A young gorilla catches my eager gaze and looks me directly in the eyes. His dark orange eyes are welcoming, intelligent and there’s something familiar about his gaze. We have been told that we cannot approach closer than 30 feet but this does not stop the gorillas from coming in for a closer look at their strange cousins. With my heart in my mouth I watch as the curious youngster strides forward, with several of the group in tow. He walks right past us on the path. I am entranced and feel so privileged that these gentle animals, that share 98% of our DNA, are allowing us a glimpse into their world.



Gishwati Forest, Rwanda


We spend a glorious hour with the gorillas before they move off towards another patch of delicious nettles. We watch them leave, grateful that we have just experienced possibly the best wildlife encounter on our beautiful planet. What a privilege when one considers that more people visit Harrods in London on a single day than get to see Rwandan mountain gorillas in a year.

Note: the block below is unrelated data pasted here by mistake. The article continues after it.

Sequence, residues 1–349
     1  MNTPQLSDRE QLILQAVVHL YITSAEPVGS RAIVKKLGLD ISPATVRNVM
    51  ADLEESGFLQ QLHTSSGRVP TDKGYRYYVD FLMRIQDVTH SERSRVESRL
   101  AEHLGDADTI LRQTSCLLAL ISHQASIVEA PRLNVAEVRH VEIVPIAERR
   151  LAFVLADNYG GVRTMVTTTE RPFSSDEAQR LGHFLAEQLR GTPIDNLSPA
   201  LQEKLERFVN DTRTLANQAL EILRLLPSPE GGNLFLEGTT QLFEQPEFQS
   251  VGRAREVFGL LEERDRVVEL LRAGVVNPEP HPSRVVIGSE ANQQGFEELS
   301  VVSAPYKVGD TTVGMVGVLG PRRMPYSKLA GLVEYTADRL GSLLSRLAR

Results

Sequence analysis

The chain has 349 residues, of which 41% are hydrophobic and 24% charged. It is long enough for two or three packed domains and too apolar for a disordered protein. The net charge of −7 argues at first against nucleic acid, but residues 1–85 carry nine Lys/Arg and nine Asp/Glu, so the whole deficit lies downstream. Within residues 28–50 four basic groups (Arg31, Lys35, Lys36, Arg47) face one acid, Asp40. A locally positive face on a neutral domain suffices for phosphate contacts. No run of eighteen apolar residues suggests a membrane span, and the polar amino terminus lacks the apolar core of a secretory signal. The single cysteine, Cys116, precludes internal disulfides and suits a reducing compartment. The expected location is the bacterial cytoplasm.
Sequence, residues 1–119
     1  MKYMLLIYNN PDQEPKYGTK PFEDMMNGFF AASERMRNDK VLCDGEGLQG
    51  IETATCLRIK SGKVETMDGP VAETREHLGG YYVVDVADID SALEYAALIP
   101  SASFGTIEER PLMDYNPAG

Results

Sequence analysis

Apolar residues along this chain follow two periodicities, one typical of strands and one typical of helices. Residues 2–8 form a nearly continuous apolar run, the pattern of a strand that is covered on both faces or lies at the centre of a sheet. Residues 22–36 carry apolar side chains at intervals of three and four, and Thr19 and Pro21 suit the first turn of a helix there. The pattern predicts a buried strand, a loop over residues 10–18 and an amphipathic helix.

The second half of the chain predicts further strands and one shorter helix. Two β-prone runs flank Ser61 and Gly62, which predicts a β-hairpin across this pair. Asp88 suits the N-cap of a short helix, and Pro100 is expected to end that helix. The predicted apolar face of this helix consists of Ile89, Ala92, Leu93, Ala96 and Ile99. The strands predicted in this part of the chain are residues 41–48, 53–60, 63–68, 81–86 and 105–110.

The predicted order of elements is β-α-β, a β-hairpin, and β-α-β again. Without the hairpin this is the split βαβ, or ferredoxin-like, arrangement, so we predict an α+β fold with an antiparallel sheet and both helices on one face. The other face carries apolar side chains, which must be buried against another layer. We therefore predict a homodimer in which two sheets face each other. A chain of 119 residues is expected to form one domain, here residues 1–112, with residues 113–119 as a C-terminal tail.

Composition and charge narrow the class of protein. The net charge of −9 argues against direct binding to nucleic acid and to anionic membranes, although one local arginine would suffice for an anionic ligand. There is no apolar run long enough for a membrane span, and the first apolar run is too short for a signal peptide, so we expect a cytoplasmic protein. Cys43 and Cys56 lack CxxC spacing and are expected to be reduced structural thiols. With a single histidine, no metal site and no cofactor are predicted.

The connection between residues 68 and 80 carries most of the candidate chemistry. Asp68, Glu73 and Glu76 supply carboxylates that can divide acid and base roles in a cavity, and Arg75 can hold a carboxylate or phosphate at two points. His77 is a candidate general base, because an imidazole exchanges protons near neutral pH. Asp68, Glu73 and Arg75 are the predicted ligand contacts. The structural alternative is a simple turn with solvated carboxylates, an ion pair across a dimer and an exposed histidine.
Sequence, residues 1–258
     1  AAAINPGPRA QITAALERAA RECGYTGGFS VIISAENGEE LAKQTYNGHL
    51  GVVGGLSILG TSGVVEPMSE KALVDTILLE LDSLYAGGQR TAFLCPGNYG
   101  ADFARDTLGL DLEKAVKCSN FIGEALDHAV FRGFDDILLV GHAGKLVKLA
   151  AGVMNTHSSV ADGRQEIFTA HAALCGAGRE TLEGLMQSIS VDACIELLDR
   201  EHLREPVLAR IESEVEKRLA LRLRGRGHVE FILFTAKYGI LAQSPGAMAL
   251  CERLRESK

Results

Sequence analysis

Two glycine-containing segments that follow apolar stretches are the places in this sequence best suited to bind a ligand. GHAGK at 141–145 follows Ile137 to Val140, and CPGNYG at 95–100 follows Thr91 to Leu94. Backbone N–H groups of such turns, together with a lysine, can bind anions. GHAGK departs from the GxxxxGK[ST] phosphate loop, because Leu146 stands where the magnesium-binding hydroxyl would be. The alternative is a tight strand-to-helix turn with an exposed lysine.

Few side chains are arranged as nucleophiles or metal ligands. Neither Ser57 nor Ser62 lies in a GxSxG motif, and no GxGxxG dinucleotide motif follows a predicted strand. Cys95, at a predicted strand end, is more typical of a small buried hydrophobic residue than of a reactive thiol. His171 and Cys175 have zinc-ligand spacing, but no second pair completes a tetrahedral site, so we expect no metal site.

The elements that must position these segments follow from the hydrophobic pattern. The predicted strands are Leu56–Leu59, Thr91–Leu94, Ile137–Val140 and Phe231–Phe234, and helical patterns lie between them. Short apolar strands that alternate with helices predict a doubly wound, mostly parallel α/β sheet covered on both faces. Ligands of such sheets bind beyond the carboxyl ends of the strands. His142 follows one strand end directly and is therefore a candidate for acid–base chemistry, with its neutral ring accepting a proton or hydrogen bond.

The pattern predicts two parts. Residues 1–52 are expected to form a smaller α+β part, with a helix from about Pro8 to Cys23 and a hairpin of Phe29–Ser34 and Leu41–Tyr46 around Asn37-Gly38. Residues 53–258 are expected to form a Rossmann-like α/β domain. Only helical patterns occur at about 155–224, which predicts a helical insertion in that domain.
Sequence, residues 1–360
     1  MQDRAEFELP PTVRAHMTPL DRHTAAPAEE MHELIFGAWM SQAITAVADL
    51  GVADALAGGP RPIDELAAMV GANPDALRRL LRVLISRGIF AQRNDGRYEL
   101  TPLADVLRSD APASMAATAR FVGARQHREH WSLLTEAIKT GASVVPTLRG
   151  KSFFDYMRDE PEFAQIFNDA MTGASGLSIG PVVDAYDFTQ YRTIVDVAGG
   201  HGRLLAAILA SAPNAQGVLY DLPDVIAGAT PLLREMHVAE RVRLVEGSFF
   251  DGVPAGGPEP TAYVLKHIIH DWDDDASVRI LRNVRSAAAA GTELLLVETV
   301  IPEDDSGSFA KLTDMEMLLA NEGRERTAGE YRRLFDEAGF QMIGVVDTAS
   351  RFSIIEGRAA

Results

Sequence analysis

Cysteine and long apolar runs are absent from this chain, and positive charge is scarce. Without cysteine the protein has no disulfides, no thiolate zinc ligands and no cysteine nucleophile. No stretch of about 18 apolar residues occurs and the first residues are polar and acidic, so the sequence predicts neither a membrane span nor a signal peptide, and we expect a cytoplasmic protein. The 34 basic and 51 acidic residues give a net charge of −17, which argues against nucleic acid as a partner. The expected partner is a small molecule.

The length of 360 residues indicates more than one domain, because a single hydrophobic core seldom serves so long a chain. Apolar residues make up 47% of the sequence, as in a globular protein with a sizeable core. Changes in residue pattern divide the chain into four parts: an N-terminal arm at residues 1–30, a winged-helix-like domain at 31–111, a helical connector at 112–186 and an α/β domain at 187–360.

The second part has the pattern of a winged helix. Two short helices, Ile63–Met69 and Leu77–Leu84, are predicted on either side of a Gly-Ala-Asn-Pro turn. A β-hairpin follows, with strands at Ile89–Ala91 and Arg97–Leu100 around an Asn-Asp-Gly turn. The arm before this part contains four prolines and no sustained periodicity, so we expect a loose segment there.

Chimpanzee nest


But our journey to remarkable Rwanda is far from over. Imagine spending three nights at the newly opened guest house in Gishwati Natural Forest, an easy and stunning two-hour drive from Bisate, through rolling hills and emerald tea plantations. Full disclosure – we were only there for one day – but wish we could have stayed more. This is one of the most important conservation projects that Wilderness Safaris has been involved in. Historically this remnant patch of forest extended all the way to Nyungwe in the south and wrapped around Lake Kivu and joined up with forests in the Congo. Today, just a fraction remains.



Tea plantation



The main attraction at Gishwati is the 30-odd eastern chimpanzees that frequent this precious patch of forest. Right now they are very difficult to see as the monitoring programme only started about a year ago. But give it some time and a future three-night stay should almost guarantee excellent sightings of these fascinating great apes. Currently a guest house run by the FHA is open for travellers wishing to explore the area.